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article imageNew Jersey will require builders to consider climate change

By Karen Graham     Jan 28, 2020 in Environment
New Jersey will become the first state to require that builders take into account the impact of climate change, including rising sea levels, in order to win government approval for projects, Governor Philip D. Murphy announced on Monday.
With the release of the final 2019 Energy Master Plan (EMP), which includes sweeping policy goals aimed at fighting climate change it will likely have significant impacts on New Jersey’s building industry, according to the National Law Review.
Along with the release of the EMP, Governor Murphy also signed Executive Order 100 (EO 100) directing the New Jersey Department of Environmental Protection (NJDEP) to develop new regulations to be implemented by 2022 which will require builders to take a number of climate-related issues into account while designing and building new construction in New Jersey.
According to EO 100, the NJDEP is required to draft and propose regulations to “integrate climate change considerations, such as sea-level rise, into its regulatory and permitting programs, including…land use permitting.”
With 130-miles of coastline, the move by New Jersey's governor is part of a widening effort that includes 15 coastal states to address worsening climate conditions and to counter the Trump administration's efforts to roll back environmental regulations.
Governor Murphy releases the Energy Master Plan that will address the climate crisis in constructive...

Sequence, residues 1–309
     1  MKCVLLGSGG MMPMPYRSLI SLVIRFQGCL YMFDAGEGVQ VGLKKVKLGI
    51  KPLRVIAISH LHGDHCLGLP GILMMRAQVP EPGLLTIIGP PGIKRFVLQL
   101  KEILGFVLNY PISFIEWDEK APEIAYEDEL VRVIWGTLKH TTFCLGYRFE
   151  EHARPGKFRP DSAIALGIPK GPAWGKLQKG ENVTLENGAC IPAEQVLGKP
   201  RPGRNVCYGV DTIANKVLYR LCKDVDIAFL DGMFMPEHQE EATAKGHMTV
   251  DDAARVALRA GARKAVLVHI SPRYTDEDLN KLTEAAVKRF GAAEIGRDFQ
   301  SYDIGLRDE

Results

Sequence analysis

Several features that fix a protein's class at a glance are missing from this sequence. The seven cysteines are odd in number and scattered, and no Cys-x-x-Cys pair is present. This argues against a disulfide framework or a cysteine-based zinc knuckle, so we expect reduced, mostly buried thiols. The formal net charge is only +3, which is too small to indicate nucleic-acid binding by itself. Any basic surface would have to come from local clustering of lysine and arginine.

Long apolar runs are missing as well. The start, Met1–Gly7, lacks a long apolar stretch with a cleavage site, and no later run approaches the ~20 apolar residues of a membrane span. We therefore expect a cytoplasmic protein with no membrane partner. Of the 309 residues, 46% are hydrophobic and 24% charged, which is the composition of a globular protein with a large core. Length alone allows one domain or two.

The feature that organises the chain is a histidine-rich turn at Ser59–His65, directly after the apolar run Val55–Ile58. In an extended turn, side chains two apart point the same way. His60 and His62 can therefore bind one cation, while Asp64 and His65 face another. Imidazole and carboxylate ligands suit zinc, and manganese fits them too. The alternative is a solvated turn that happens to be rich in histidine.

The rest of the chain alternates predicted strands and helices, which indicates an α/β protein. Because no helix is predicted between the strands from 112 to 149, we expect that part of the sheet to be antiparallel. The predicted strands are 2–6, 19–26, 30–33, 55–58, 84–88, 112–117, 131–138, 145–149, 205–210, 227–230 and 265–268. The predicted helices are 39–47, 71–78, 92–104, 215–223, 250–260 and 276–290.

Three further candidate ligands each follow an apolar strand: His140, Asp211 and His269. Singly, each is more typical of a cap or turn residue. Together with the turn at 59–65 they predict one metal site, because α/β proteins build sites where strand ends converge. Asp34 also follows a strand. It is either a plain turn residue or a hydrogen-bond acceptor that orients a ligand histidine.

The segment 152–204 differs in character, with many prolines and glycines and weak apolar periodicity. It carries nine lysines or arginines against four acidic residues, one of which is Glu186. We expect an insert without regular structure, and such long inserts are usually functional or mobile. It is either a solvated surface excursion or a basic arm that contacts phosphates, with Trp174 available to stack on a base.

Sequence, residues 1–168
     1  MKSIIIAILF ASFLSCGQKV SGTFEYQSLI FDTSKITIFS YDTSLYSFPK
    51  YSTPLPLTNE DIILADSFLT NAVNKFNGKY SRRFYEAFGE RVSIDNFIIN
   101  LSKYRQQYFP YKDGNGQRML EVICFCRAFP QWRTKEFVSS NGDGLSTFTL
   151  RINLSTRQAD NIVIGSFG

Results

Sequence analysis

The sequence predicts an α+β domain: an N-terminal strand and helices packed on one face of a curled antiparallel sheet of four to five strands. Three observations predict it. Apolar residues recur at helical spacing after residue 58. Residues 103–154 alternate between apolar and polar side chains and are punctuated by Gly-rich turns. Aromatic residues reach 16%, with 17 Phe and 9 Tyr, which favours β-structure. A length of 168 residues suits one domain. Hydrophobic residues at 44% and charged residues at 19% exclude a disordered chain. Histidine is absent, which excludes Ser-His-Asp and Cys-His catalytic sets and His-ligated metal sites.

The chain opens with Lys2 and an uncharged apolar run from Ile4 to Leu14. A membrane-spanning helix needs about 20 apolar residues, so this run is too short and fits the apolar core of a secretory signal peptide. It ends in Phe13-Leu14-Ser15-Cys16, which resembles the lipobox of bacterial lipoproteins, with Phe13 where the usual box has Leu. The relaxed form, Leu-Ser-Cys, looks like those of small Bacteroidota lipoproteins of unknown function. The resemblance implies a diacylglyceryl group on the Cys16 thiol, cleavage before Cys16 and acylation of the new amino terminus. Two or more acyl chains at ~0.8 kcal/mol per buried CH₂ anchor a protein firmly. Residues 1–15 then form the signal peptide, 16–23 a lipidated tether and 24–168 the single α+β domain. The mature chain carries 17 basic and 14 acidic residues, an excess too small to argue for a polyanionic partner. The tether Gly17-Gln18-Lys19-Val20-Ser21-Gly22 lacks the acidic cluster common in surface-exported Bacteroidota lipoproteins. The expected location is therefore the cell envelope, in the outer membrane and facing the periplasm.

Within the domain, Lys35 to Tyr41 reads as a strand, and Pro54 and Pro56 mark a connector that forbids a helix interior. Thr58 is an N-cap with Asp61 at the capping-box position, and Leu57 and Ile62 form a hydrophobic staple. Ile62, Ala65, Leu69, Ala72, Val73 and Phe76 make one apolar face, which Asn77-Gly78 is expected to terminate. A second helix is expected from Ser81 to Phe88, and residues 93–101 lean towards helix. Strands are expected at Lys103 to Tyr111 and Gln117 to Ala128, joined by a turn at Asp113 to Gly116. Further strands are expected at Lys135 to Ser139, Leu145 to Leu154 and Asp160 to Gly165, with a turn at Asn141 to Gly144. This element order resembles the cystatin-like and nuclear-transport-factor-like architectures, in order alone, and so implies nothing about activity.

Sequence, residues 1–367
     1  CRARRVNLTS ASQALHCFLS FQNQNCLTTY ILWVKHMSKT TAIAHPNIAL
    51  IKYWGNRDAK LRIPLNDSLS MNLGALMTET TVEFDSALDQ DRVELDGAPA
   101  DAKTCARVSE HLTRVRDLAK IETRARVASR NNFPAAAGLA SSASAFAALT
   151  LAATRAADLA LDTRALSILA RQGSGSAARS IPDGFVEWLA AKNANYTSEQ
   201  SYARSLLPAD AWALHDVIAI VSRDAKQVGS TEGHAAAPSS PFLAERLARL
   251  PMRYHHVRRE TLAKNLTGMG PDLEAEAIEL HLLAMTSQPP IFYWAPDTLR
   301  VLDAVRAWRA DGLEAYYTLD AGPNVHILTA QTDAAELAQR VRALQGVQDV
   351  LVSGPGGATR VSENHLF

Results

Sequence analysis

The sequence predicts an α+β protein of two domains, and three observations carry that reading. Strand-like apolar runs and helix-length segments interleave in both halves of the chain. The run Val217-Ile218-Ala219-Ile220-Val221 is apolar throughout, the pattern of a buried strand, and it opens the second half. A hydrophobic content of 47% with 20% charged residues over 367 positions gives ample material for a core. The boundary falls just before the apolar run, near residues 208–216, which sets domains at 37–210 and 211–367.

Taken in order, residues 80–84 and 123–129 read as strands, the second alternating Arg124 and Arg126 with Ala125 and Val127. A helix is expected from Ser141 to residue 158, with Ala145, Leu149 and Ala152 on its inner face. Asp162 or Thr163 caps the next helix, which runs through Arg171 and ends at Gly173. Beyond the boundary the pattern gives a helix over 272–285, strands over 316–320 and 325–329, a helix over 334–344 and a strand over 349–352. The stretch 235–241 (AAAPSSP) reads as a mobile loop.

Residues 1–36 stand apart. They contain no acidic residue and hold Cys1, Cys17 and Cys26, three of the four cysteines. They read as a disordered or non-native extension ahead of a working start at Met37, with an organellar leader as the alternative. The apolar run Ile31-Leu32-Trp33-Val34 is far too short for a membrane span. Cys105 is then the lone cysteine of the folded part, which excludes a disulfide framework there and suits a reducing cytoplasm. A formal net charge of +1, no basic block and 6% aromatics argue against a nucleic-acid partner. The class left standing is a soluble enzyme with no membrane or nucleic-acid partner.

Governor Murphy releases the Energy Master Plan that will address the climate crisis in constructive ways.
New Jersey Governor Phil Murphy
Not only are New Jersey's new climate regulations the broadest and most specific rules at governing where construction companies can build, but they also address the amount of emissions that will be allowed to be released into the atmosphere. “This is not abstract for us,” Governor Murphy said in an interview reports the New York Times. “This is real. The dangers are there.”
New Jersey has joined a number of states that have opted to take action on climate change - primarily due to the inaction of the current administration in Washington D.C. New Jersey has set an admirable goal of producing 100 percent clean energy by 2050. For New Jersey, it is a matter of reducing greenhouse gasses and adding a new level of oversight into the building process.
“You need the carrot and the stick,” said Shawn LaTourette, chief of staff at the Department of Environmental Protection. “We’ve put out a lot of carrots — incentives. But the regulation needs to be the stick.”
“The rules are expected to be adopted by January 2022 after the DEP gathers input from businesses, environmentalists and other groups.”
More about New jersey, Energy Master Plan, Executive Order 100, climaterelated issues, Construction
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